Carr said at one point in her speech when she mentioned OMV, she heard someone trying to speak over her but couldn’t hear what was said. This interruption can be heard on video of the speech. The video ends after applause, and Carr said she didn’t hear any shouting.
“After I spoke, Allen then spoke. He made a comment about respecting people who were in the room. At first I thought, ‘Oh, he’s telling the guy off that yelled at me’, but he looked at me and said, ‘Because we have stakeholders here and you’re a guest’.”
She only learnt of the letter apologising for her speech yesterday. She said if she could do it again she would, using the same words and tone.
“If your feelings are hurt I can’t apologise for that because people’s lives are at stake here.”
She’s disappointed Freeth felt the need to apologise for her speech and thinks it’s unnecessary.
“It just goes to show the lack of understanding that came out of that meeting and they’re so focused on the reaction of business people and stakeholders.”
PEPANZ is the Petroleum Exploration and Production Association of New Zealand and industry body for the oil and gas industry. A spokesperson said none of its representatives at the event “shouted” or stormed out.
Forest & Bird is so shocked by the EPA’s handling of the situation that chief executive Kevin Hague wrote to Freeth expressing his disappointment.
“… your response when you got a ‘hard message’ was totally inappropriate. The hard message was delivered by an 18-year-old who obviously cares deeply about the environment, yet you responded with public chastisement in a way that is patronising and shows a complete lack of understanding of how a very large portion of our society view environmental issues such as climate change.”
Hague pointed out that it seemed Freeth was more concerned for the welfare of the senior oil representative than the student.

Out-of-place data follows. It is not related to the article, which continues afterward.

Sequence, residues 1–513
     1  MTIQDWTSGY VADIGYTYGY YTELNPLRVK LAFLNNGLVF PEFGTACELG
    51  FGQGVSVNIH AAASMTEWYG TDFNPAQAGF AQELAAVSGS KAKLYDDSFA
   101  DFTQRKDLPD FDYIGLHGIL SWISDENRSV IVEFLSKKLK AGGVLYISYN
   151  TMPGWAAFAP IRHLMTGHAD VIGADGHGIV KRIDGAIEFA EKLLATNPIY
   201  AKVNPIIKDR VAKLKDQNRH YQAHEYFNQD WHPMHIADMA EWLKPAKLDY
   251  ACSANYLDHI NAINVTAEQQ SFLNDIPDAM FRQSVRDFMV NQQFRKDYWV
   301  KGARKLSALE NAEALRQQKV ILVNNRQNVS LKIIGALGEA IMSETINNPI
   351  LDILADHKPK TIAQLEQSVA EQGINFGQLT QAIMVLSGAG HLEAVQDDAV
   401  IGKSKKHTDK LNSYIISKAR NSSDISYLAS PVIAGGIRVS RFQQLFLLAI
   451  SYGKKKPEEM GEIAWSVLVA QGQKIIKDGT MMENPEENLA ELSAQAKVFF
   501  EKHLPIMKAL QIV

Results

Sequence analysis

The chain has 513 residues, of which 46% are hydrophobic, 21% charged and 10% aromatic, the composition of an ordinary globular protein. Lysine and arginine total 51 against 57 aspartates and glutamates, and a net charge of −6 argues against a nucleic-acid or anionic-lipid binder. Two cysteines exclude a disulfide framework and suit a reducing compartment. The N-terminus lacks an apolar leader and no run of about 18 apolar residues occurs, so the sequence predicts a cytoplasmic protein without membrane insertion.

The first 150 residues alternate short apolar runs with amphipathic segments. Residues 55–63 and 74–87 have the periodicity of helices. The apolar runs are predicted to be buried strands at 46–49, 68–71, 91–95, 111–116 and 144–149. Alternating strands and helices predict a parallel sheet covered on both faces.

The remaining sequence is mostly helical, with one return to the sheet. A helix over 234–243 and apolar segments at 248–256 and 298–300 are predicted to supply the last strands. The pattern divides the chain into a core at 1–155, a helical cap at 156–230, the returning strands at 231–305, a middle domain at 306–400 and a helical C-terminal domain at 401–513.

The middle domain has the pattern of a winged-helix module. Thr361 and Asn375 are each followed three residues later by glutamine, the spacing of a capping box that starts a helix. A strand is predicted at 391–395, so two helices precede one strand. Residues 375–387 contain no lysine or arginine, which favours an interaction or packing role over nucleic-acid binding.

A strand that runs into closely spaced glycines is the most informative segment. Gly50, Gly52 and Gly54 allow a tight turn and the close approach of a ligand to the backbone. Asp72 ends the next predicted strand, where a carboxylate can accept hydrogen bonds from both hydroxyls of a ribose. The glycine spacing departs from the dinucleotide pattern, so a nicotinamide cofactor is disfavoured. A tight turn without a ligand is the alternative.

“The way in which you have responded to the heartfelt concerns of an 18-year-old activist has diminished your ability to connect with the likes of Forest & Bird. Any reduced engagement from Forest & Bird with the EPA will not be the result of the hard message, it will be from the EPA’s response.”
Newsroom asked the EPA a number of questions relating to the event, and the letter, and received a brief response. The EPA said this would be the “extent of our comment on this matter”.
“The event hosted by the EPA on 31 October was a private function. Dr Freeth routinely follows up events such as this with a thank you letter to guests.
“Stakeholder and community engagement is a core part of the EPA’s work, and we will continue to work with as diverse a range of New Zealanders as possible to protect our environment and the people who live and work in it.”
Sorcha Carr’s speech is below.
Kia ora, my name is Sorcha Carr, I am a year 13 at Sacred Heart College, Lower Hutt. I am a full time student and climate activist. Sacred Heart College is where I should be right now, celebrating my final week of school with pranks and banter. But instead, here I am, because yet again, the people we have entrusted with our lives and environment have failed to protect me, my brothers and my sisters of Aotearoa.